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film review

Kaya Scodelario stars in Crawl.Sergej Radović/Paramount Pictures.

  • Crawl
  • Directed by: Alexandre Aja
  • Written by: Michael Rasmussen and Shawn Rasmussen
  • Starring: Kaya Scodelario, Barry Pepper and a whole lotta gators
  • Classification: R; 87 minutes


3 out of 4 stars

There has been a lot of crowing this summer movie season about the burdens of familiarity. Audiences are sick and tired of living in a world filled with nothing but Shafts, Godzillas, Dark Phoenixes and the many men and women in black. Do we not deserve something new? Do we not deserve ... killer alligators?

Granted, the killer-gator movie is not an original idea in the slightest. From 1980′s John Sayles-penned Alligator to the shockingly prolific Lake Placid franchise (does anyone besides David E. Kelly’s accountant know that there are six of these things?), there is a long cinematic tradition of pitting stupid humans against insatiable reptiles. Yet, the somewhat neglected genre hasn’t reached its potential until now, with Alexandre Aja’s Crawl.

Let’s be serious for a second, because Crawl certainly has no patience for such a thing. This movie is not “original” or even “good” in the traditional sense. But in a Hollywood ecosystem obsessed with brands and inoffensive genericism, there is something admirable and fresh about a movie that has nothing on its mind other than delivering 87 minutes worth of gory, gator-chomping thrills.

The plot is as ridiculously simple as it is simply ridiculous. In the midst of a Category 5 hurricane somewhere in Florida, competitive swimmer Haley (Kaya Scodelario) goes searching for her estranged father (Barry Pepper) at the old family home. Haley finds her dad injured in the crawl space basement, where the waters are quickly rising and a handful of gators have gathered to stalk their new prey. And ... that’s it. That’s the movie. Blessedly so.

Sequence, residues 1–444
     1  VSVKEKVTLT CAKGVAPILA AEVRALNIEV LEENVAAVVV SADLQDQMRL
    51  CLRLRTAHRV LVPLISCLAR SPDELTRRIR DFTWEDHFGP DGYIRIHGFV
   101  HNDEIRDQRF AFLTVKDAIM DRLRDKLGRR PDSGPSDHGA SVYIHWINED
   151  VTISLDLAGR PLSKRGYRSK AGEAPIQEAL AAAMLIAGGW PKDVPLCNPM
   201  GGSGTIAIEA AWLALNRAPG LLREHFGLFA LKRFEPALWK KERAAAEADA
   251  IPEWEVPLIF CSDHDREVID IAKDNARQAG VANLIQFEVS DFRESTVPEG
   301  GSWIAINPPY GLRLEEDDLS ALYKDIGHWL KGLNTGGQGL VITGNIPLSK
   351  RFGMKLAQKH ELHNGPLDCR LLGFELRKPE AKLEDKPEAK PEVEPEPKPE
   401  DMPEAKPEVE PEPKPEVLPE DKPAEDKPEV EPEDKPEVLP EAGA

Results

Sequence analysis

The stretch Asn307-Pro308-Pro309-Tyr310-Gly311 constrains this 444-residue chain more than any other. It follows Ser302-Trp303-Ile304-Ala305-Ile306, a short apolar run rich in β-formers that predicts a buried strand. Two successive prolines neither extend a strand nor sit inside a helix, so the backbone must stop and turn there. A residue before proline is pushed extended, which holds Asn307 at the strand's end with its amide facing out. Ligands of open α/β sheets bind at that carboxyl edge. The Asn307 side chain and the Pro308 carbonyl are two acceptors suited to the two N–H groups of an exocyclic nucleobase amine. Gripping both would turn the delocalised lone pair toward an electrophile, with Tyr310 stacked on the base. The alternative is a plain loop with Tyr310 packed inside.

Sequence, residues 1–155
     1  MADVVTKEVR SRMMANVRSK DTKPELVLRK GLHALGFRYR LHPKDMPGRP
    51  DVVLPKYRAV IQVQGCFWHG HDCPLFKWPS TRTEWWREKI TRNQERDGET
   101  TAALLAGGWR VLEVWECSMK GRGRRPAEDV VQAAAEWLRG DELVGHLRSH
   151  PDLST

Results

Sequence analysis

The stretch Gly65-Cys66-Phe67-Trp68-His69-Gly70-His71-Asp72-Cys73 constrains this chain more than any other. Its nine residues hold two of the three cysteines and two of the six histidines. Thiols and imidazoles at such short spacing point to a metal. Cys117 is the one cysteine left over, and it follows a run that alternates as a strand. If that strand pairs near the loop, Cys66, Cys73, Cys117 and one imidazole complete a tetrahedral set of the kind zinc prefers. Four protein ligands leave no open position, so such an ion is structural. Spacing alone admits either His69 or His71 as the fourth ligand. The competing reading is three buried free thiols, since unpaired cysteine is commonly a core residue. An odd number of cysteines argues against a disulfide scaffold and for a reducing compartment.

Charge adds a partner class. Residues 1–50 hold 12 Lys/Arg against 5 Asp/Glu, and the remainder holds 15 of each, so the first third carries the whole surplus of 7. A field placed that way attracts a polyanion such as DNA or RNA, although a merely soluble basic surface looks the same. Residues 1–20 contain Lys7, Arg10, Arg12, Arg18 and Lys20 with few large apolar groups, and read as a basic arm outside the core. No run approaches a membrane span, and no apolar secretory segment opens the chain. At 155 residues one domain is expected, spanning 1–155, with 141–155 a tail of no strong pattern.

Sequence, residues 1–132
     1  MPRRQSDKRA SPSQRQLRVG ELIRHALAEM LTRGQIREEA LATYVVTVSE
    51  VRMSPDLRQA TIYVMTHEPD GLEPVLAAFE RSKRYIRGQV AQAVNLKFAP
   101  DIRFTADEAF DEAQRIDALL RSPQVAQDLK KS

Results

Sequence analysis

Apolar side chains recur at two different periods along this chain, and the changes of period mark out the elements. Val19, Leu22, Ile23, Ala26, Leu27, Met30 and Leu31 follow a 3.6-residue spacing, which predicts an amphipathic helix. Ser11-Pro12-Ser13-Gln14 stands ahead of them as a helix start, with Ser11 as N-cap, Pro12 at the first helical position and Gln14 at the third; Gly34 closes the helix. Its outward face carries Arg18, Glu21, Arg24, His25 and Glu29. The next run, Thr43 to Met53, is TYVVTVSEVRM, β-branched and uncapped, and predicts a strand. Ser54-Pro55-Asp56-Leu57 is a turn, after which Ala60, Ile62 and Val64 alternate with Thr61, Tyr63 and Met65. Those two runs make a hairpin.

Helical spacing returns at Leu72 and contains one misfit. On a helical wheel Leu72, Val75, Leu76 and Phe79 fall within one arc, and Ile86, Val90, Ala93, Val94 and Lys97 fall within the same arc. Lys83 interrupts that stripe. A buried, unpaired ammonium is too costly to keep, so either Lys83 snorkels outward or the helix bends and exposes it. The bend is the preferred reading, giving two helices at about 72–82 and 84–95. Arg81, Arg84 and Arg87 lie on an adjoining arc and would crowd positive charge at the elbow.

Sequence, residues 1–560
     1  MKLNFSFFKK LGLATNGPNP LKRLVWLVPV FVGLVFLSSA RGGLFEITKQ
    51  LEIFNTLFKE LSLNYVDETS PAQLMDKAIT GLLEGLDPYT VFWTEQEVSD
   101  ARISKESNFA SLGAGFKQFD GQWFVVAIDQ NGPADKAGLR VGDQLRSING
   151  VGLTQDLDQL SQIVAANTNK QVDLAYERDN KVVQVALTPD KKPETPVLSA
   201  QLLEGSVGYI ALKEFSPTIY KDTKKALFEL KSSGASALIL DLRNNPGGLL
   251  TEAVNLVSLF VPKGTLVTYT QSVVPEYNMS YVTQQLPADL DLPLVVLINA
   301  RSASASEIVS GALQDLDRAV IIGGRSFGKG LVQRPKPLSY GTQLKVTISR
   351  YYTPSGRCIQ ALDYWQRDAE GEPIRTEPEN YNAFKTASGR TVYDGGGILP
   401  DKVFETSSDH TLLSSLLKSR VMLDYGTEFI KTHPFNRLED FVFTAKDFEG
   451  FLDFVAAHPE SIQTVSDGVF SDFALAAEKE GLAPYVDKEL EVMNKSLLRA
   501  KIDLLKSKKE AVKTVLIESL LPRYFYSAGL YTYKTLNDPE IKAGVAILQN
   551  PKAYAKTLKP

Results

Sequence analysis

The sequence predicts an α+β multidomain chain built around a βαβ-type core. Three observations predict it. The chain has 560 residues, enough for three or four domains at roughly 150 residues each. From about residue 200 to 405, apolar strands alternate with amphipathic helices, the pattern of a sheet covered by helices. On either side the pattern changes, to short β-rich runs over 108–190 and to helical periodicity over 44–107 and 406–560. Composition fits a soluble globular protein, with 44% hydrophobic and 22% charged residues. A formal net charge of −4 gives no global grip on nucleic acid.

The film is mostly a two-hander, with a good portion of the dialogue being shouts of either “Haley!” or “Dad!” or “Aghgghghgh!” The gators are rendered in CGI that’s half silly, half terrifying, and the film wisely doesn’t skimp on the violence. Flesh is torn off in crimson chunks, bones are snapped with glee and, in one delirious sequence, a gator gets shot dead thanks to one character sticking their arm straight inside its mouth and firing repeatedly.

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The film is mostly a two-hander, focused on Scodelario's Haley and her father, played by Barry Pepper.Photo Credit: Sergej Radović/Paramount Pictures.

Sometimes, stupid and simple works, especially if the filmmaker knows exactly what kind of game he’s playing. And Aja, the director responsible for 2010′s delightfully breezy Piranha 3D – among more polarizing horror touchstones such as High Tension – has the makings of a genre varsity athlete.

The French director has always been invested in getting his hands as dirty as possible, but with Crawl he seems to have sliced and diced his way into a cinematic sweet spot. As Haley and her father continually get themselves out of one dangerous situation only to fall into a more perilous one, Aja balances tension with self-awareness, mayhem with efficiency. Although a number of its sequences could be called inventive-esque – ah, the old trap-the-gator-in-the-shower trick, seen it a million times – Crawl is not exactly an inventive film. But it doesn’t have to be. It delivers on what it promises, and not many big-studio movies this year can claim the same.

And even if Aja messed up the action, which he doesn’t, or his cast mistook panic for annoyance, which they don’t, the whole thing would be worth it for the closing-credits song. I’ll say no more and let you chomp on it for yourself.

Crawl opened (wide and hungry) July 12.